DEFINITION of 'Brokered Deposit'

A large-denomination bank deposit that is sold by a bank to a brokerage, which then divides it into smaller pieces for sale to its customers. Core deposits - such as deposits to checking accounts, savings accounts and certificates of deposit made by individuals - are the other key component of a bank's deposits.

BREAKING DOWN 'Brokered Deposit'

Under FDIC rules, only well-capitalized banks can solicit and accept brokered deposits. Adequately capitalized ones may accept them after being granted a waiver, and undercapitalized banks cannot accept them at all. By accepting brokered deposits, a bank can gain access to a larger pool of potential investment funds and improve its liquidity. It can also save money, compared to handling an equivalent dollar amount of numerous smaller deposits, even though brokered deposits tend to pay a higher rate of interest.

RELATED TERMS
  1. Bank Deposits

    Money placed into a banking institution for safekeeping. Bank ...
  2. Core Deposits

    The deposits made in a bank's natural demographic market. Banks ...
  3. Deposit Slip

    A small written form that is sometimes used to deposit funds ...
  4. Foreign Deposits

    A deposit made at, or money put in to, domestic banks outside ...
  5. Term Deposit

    A deposit held at a financial institution that has a fixed term, ...
  6. Transaction Deposit

    A banking deposit that has immediate and full liquidity, with ...
Related Articles
  1. Personal Finance

    Where To Put Your Cash: Call Deposit Vs Time Deposit Accounts

    Time deposit accounts and call deposit accounts allow customers to earn higher interest in exchange for less access to their cash.
  2. Investing

    What is a Demand Deposit?

    A demand deposit is any type of account where the money in the account may be withdrawn at any time without prior notice to the financial institution.
  3. Investing

    Explaining Term Deposits

    A term deposit (more often called a certificate of deposit or CD) is a deposit account that is made for a specific period of time.
  4. Investing

    How Time Deposits Work

    A time deposit is an interest-bearing bank deposit that has a specific maturity date.
  5. Investing

    What is a Bank?

    A bank is a financial institution licensed to receive deposits or issue new securities to the public.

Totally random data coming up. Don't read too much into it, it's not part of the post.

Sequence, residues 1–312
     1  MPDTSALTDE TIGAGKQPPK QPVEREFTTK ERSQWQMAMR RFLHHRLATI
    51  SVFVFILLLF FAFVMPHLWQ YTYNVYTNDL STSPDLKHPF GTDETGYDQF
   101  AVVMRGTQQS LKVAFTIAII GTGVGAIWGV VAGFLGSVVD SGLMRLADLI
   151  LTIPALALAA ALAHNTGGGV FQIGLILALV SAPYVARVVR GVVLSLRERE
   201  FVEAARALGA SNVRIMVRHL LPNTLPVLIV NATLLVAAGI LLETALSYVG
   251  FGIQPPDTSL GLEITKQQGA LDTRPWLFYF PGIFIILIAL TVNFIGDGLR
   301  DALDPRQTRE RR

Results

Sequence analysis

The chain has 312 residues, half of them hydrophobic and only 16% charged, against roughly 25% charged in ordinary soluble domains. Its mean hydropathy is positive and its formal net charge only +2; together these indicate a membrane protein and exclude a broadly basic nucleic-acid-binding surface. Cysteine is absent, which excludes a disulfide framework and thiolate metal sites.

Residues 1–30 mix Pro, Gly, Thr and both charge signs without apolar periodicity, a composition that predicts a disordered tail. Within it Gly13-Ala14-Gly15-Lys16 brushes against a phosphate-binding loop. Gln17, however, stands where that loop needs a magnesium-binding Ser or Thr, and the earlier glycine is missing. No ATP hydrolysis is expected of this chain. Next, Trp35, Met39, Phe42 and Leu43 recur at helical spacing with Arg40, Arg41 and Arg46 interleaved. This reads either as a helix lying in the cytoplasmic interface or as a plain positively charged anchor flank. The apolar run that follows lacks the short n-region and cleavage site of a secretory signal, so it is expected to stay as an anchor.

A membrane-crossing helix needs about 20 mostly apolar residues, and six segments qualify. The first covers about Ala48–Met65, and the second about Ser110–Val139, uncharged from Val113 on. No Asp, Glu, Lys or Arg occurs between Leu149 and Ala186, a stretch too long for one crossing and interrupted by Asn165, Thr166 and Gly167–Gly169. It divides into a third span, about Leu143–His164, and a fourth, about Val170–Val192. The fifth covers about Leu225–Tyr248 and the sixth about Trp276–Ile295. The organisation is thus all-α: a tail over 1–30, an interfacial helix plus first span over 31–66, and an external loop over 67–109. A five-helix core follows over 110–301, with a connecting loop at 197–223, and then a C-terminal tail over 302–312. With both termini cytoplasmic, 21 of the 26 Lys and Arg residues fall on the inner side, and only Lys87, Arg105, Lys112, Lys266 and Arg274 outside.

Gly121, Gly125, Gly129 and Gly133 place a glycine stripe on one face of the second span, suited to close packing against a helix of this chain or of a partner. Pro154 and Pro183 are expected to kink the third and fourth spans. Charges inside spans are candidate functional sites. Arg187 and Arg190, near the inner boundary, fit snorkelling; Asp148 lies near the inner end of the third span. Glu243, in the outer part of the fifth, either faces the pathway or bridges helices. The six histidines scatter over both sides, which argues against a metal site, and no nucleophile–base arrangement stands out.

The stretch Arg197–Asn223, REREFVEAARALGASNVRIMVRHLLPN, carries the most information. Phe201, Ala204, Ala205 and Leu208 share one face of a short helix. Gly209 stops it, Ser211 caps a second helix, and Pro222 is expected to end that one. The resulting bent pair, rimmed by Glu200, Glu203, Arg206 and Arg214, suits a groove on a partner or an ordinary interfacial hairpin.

6. Insurance

    How the Federal Deposit Insurance Corporation (FDIC) Works

    Learn more about the Federal Deposit Insurance Corporation (FDIC) and what happens to your deposits over $250,000 if a member bank fails.
  7. Personal Finance

    The History Of The FDIC

    Find out why this corporation was developed and how it protects depositors from bank failure.
  8. Investing

    Best 2016 IRA Promotions (ETFC, BAC)

    Here are some of the best IRA promotions of 2016, with significant bonuses for large deposits.
RELATED FAQS
  1. What is the difference between a demand deposit and a term deposit?

    Understand the meaning of demand deposits and term deposits, and learn about the major differences between these two types ... Read Answer >>
  2. For what types of accounts are demand deposits available?

    Learn about the different types of accounts designated as demand deposit accounts, such as savings accounts and money market ... Read Answer >>
  3. What proportion of my income should I put into my demand deposit account?

    Find out how much money to keep in your liquid demand deposit accounts, such as checking or savings accounts, and discover ... Read Answer >>
  4. How does the deposit multiplier affect a bank's profitability?

    Find out how a deposit multiplier affects bank profitability, how it increases the supply of money in the economy and why ... Read Answer >>
Hot Definitions
  1. Market Capitalization

    The total dollar market value of all of a company's outstanding shares. Market capitalization is calculated by multiplying ...
  2. Expense Ratio

    A measure of what it costs an investment company to operate a mutual fund. An expense ratio is determined through an annual ...
  3. Mezzanine Financing

    A hybrid of debt and equity financing that is typically used to finance the expansion of existing companies. Mezzanine financing ...
  4. Long Run

    A period of time in which all factors of production and costs are variable. In the long run, firms are able to adjust all ...
  5. Quasi Contract

    A legal agreement created by the courts between two parties who did not have a previous obligation to each other. A normal ...
  6. Wage-Price Spiral

    A macroeconomic theory to explain the cause-and-effect relationship between rising wages and rising prices, or inflation. ...
Trading Center